Tuesday, February 27, 2018

Seniors transformed Furman basketball

Furman coach Bob Richey talks to his team. Photo courtesy of Furman.
This is part one of a five-part series on how Furman's senior class of Geoff Beans, John Davis III, Daniel Fowler and Devin Sibley became the nucleus of the remarkable turnaround of the men's basketball program. The rest of the series will focus on each senior's personal Furman story.

Coming off another record-setting season for wins, the Furman men's basketball enters this weekend's Southern Conference Tournament as the No. 3 seed. The Paladins are one of a handful of SoCon teams that would not be a surprise to see cutting down the nets on Monday.

Four years ago, none of this seemed possible. It was four years ago today that the Paladins wrapped up the 2013-14 regular season with a home loss to Georgia Southern. Eight days later, the teams met again in the first round of the SoCon Tournament and Niko Medved's first season as head coach ended with a record of 9-21.

Upon taking the job in April of 2013, it might have been easy for Medved to completely clean house after inheriting a team that went 7-24 this year before. However, Medved's first move was to retain one assistant from the previous staff - Bob Richey. It didn't hurt that Richey was the recruiter and position coach of Stephen Croone, who averaged 9.9 points and 4.0 assists per game as a freshman in 2012-13. Croone, who also broke the school record for assists in a game that season with 14, went on to become the fifth-leading scorer in school history.

After retaining Richey, Medved said, "We are very fortunate that Bob decided to stay at Furman. Bob is a talented young coach and an outstanding recruiter. He has a gift for connecting with people and will be an intricate part of helping Furman basketball reach new heights."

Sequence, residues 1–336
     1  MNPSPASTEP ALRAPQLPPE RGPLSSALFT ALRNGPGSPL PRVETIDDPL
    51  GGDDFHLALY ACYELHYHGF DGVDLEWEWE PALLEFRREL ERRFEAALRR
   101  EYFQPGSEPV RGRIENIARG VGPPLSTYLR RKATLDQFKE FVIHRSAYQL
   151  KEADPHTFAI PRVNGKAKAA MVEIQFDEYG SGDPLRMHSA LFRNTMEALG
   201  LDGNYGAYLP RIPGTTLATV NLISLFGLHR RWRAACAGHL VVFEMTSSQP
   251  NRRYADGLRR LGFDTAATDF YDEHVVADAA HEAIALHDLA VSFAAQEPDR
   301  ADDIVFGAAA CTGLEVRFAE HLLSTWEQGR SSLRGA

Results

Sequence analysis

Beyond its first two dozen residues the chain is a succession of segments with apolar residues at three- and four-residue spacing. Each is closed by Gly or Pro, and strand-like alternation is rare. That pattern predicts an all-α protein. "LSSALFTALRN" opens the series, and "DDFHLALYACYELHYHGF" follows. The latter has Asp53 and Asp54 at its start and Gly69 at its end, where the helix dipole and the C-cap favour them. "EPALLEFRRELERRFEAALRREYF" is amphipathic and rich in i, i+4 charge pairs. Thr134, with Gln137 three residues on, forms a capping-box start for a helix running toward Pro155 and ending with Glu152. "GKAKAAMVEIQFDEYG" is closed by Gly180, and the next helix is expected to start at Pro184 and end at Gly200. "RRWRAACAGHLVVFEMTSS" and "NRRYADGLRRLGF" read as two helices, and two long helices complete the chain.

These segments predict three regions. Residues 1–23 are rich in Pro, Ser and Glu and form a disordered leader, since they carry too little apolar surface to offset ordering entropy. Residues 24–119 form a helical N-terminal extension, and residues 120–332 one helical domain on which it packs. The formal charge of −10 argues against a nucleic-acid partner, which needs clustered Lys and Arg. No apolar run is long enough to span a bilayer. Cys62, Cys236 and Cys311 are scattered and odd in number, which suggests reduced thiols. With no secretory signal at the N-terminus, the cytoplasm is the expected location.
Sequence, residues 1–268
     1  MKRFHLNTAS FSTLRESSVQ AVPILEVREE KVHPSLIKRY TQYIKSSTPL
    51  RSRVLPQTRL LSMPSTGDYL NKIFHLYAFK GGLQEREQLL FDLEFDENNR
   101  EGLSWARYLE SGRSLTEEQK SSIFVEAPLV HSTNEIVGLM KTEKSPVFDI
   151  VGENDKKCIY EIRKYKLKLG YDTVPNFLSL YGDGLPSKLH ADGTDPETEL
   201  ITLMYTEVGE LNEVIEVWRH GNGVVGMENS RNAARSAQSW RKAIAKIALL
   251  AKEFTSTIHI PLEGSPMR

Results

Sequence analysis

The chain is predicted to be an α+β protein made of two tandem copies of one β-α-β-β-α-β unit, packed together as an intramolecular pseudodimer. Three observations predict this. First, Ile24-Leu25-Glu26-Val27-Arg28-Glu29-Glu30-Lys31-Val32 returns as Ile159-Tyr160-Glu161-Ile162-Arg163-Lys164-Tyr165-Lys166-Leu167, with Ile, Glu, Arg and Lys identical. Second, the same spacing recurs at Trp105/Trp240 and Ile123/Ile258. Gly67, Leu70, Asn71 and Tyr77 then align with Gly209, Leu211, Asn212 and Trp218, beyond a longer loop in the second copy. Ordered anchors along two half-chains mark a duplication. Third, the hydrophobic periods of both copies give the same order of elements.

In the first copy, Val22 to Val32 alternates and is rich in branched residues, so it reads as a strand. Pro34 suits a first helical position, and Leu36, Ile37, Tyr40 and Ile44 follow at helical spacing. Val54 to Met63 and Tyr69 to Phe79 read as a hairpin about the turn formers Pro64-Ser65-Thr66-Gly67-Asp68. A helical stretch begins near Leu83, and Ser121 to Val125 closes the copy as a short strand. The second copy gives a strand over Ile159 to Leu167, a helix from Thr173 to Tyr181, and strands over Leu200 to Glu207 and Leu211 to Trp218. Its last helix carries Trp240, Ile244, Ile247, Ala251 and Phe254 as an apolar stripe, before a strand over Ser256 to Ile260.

Not only is Medved a heck of a basketball coach, he might also be a psychic.

The latest of those "new heights" came this season in Richey's first year as head coach as Furman set the school record for regular season wins with 22. Last season, it set school records for conference wins (14), road wins (12) and overall wins (23). Two seasons ago, it set the school record for home wins (14), including 11 consecutive.

While players like Croone, Kris Acox, Kendrec Ferrara, Larry Wideman and others helped begin to steer Furman's ship in the right direction, it was this year's senior class of Geoff Beans, John Davis III, Daniel Fowler and Devin Sibley that was the nucleus of the transformation of the program. Despite going 11-22 as freshmen in 2014-15, this year's senior class is the second-winningest in school history with a record of 75-59. Only the senior class of 1980 has more wins at 80-37.

"Their pride in Furman and their desire to be at Furman was so high, so early. That was a critical piece of increasing their development," Richey said. "When they showed they really enjoyed being here and had a mission of what they're trying to do, that's pretty infectious. That really started to get to guys that came in after them and it just kind of grew and grew."